This is a contributed blog post written by former SRC employee, Andy Goodson.
If you’ve shopped for a new washing machine or dryer recently, you may have been surprised to find that some new models include WiFi connectivity built in. This feature gives you the ability to monitor loads, or even change the cycle time from your phone. It is an example of the Internet of Things (IoT) – connecting ordinarily mundane devices to the Internet to give you greater knowledge and control of their functions.
But IoT goes far beyond household appliances. The core technology of IoT has been around for a while and its use by industry is becoming increasingly common. It is one facet of Industry 4.0, what some are calling the Fourth Industrial Revolution, the trend toward device interconnectivity and automation in manufacturing.1
As the components required to build an IoT system become smaller, cheaper and more robust, the increased practicality of IoT allows industry to leverage an unprecedented amount of data.
How does the Internet of Things work?
The Internet is a network of devices exchanging information. Just like people must understand each others’ languages to have a conversation, devices must understand how to communicate with other devices as well. A common set of rules is needed.
The Internet solves this challenge using protocols — essentially an agreed upon set of rules for how devices talk to each other. This allows devices from anywhere in the world to transfer and receive data without the message becoming lost, damaged in the process or, in other words, misunderstood. It is often compared to a mail system, where each letter or parcel has a send and return address and the contents must be of a certain size, type or format.
Like most public infrastructure, the Internet can be used freely by all — non-living things included. The IoT uses this existing network for ordinary devices to communicate, without human interaction.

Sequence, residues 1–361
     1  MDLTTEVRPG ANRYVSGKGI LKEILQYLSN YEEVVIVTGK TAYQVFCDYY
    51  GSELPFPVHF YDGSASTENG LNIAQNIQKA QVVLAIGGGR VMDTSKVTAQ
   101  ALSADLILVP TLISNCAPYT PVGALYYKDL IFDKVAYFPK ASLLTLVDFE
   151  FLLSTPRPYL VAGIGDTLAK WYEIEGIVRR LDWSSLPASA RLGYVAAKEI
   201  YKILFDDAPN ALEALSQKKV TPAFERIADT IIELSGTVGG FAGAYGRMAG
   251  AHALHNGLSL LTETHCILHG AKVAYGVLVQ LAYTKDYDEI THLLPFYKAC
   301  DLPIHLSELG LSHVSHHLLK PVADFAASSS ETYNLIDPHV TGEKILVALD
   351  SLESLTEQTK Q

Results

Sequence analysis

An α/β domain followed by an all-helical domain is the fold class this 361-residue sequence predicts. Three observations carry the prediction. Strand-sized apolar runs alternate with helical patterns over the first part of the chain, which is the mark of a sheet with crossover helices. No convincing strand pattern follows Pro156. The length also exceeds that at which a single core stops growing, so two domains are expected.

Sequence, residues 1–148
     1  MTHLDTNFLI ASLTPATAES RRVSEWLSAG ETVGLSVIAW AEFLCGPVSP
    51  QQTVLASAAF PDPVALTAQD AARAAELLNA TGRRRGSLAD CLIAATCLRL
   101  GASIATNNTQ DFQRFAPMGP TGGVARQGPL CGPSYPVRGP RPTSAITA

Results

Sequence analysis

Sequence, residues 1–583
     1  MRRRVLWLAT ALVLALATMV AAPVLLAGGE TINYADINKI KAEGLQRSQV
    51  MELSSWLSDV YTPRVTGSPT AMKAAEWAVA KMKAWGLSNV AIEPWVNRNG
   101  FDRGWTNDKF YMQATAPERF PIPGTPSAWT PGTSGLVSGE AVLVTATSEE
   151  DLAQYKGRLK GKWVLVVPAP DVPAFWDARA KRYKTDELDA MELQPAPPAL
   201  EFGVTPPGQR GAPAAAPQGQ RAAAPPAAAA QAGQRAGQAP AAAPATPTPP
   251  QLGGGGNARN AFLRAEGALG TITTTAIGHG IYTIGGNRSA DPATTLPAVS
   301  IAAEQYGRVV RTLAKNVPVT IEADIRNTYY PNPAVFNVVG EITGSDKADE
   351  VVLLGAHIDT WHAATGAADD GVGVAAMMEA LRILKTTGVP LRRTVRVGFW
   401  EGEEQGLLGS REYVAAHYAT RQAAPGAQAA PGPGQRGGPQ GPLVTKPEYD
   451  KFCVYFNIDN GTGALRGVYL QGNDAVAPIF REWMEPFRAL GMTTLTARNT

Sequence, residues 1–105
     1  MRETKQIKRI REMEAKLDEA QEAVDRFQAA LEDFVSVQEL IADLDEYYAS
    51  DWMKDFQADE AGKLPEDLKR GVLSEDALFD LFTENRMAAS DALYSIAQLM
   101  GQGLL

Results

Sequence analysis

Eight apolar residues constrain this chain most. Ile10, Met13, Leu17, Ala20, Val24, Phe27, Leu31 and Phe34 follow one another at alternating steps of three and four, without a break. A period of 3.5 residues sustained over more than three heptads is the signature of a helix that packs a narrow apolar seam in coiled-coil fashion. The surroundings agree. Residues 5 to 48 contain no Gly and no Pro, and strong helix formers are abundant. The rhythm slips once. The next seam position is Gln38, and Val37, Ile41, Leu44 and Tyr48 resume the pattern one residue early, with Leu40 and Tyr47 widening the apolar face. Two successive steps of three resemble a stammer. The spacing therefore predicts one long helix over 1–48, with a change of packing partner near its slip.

When you add small, easily affordable sensors and transmitters to the mix, the amount of data collected can be mountainous. Being able to store and process this information at remote data centers over the Internet – a larger concept known as cloud computing – is the crux of the IoT and what makes it practical for more advanced applications today.
Enter the Industrial Internet of Things
The Industrial Internet of Things (IIoT) is simply the IoT in an industrial setting. But unlike consumer-grade appliances like refrigerators and toasters, industrial machinery and scientific instrumentation require a few more checks and balances.
The value of IIoT is that it allows companies to take advantage of existing infrastructure to automate processes requiring data collection; there is no need to build internal networks or data centers from scratch. With low-cost, high-quality sensors becoming more accessible, the IoT may soon become ubiquitous in industrial processes.
Nathan Peter, Digital Systems Lead for SRC’s Development Engineering team, says, “Industry has used computing and data communication technologies for many years...these systems were typically built with infrastructure that was independent of public Internet networks. IIoT is accomplishing the same remote monitoring and control objectives, but with Internet-connected devices.”